When the gardens at the Château de Villandry were created, Joachim Carvallo planted yews (taxus baccata) in order to form topiary according to the French tradition. 162 yews were distributed across three ornamental gardens on the same terrace: 72 in the Love Garden and the Garden of the Crosses, 63 in the Music Garden and 27 in the Herb Garden.
The yew, a conifer with small, persistent needles that originated in the northern hemisphere, is well suited to topiary formation as it tolerates repeated pruning. Its resistance to both heat and shade makes it a perfect plant for giving structure to any garden. The yew is able to regrow from old wood, and thus easily tolerates severe pruning, though regrowth is very slow. It prefers well-drained soil, as excess humidity can lead to root rot.
The original shape of the Villandry topiary doubtless comes from the Spanish influence of its owner – the yews are formed into a cube topped with three crowns and a dome. The dome was originally more pointed, but over time it has become more rounded, forming a bell shape in harmony with the elements beneath.
Our yews are hand-pruned with shears once a year, with no template, a process that takes between 20 minutes and two hours per tree. Some original trees are over 100 years old, and have become deformed in the periods in which the gardens were abandoned, which is why some specimens have four crowns and others five. The 72 topiary trees in the Love Garden and the Garden of the Crosses are pruned in June and, to spread out the work over the year, the yews in the Music Garden and the Herb Garden are pruned in September. Pruning only once a year requires a methodical approach to avoid making mistakes. First, we perform a rough pruning to remove new yew growth. Then, often with the shears reversed, we move round the crowns to return to the previous year’s cutting. We finish with the dome, the most delicate area, where new growth is most vigorous and the wood hardest. The summit has to be pruned energetically to restore the rounded shape.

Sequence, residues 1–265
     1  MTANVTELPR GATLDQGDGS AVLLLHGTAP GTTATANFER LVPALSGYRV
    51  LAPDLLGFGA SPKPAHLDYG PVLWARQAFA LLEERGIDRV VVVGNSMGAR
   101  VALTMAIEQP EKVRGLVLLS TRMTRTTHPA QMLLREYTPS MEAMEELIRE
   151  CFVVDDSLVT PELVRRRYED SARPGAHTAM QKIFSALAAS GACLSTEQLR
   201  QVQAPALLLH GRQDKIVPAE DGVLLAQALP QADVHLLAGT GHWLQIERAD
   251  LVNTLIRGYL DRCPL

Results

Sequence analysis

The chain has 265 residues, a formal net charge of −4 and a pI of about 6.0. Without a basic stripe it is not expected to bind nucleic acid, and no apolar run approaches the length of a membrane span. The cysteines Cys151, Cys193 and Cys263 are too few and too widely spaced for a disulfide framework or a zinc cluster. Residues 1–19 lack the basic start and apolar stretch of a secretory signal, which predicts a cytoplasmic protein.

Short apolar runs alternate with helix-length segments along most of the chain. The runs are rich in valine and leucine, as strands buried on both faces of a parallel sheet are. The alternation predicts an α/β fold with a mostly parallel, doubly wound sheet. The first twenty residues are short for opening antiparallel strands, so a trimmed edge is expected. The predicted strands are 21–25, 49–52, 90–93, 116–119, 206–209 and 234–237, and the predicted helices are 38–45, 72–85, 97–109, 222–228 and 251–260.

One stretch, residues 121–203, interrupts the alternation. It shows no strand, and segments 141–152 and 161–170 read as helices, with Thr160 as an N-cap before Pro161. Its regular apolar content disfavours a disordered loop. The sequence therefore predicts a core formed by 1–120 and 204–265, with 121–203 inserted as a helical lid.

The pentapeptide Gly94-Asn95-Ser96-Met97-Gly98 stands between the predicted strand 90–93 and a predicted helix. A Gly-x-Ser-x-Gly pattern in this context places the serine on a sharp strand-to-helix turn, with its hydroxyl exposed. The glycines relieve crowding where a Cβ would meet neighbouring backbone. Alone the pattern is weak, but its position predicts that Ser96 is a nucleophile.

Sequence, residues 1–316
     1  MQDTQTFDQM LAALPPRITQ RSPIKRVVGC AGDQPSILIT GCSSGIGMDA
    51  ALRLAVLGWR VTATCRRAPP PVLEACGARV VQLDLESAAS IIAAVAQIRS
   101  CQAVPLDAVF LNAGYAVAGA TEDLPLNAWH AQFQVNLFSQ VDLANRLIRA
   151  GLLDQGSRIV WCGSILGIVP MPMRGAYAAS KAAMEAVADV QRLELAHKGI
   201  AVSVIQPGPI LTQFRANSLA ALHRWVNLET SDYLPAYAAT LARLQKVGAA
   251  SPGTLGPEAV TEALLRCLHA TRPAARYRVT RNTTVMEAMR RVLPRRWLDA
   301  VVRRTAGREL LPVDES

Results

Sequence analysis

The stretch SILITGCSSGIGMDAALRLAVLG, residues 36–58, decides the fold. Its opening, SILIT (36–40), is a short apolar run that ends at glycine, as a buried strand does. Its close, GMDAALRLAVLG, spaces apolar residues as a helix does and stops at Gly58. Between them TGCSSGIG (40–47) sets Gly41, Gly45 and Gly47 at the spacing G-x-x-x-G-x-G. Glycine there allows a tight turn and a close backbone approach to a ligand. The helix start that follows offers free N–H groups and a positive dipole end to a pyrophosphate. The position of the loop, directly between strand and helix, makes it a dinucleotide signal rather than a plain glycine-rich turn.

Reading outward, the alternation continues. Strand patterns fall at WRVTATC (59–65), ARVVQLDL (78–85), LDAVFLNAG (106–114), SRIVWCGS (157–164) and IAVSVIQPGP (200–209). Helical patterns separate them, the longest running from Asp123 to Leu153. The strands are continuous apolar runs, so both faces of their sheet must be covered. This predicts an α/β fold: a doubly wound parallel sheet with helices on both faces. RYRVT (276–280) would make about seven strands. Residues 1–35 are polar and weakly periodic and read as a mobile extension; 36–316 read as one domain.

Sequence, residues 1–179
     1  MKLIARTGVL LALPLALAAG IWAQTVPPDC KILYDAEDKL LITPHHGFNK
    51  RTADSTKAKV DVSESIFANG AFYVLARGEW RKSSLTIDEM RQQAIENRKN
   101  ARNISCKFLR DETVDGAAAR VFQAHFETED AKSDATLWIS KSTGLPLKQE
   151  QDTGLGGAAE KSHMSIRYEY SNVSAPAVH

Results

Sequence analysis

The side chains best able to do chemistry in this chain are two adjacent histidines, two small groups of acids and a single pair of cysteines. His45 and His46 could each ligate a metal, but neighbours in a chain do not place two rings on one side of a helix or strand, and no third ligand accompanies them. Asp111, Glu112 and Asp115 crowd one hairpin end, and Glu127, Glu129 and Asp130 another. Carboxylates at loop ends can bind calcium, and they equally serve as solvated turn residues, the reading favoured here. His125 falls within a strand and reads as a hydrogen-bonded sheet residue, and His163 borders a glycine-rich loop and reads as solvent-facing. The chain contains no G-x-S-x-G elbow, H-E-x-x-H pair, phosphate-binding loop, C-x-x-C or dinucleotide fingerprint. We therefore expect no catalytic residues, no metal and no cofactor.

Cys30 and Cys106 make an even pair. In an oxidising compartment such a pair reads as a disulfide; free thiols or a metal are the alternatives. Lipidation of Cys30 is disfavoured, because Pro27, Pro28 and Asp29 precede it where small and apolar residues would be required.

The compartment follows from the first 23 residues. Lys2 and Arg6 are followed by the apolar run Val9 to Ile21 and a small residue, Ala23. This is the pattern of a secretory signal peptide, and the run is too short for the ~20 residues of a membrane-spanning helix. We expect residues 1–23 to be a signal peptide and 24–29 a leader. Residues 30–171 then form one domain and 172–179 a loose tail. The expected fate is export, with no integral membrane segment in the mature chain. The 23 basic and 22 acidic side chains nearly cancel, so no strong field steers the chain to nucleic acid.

A special order was placed with the German nursery Bruns Pflanzen in 1994. Sixty yews were to be produced with the Villandry shape to replace ageing specimens. The order scheduled 25 yews for 1 November 1996, 25 more for November 1997 and a stock of ten further replacement trees. Before being shaped, yews with a single trunk, perfectly uniform and free of diseases and deficiencies, were selected in the nursery. They were pruned according to the template and regularly transplanted.
Several diseases can affect Taxus baccata. Phytophthora – root rot – establishes itself in the soil and leads to wasting in part of the tree. The branches die one by one until the whole yew is dead. A product based on fosetyl-aluminium, with the commercial name of Aliette Express (a chemical product not used at Villandry), can be used preventively but has little curative effect. In organic horticulture, only copper is allowed; it is sprayed preventively in the form of copper hydroxide or copper oxychloride. No yews can be planted near the contaminated area, and ground drainage is promoted by incorporating pebbles of several sizes when planting.
Excess populations of red spider mites can damage the leaves. Affected areas are sprayed with white oils or rapeseed oil.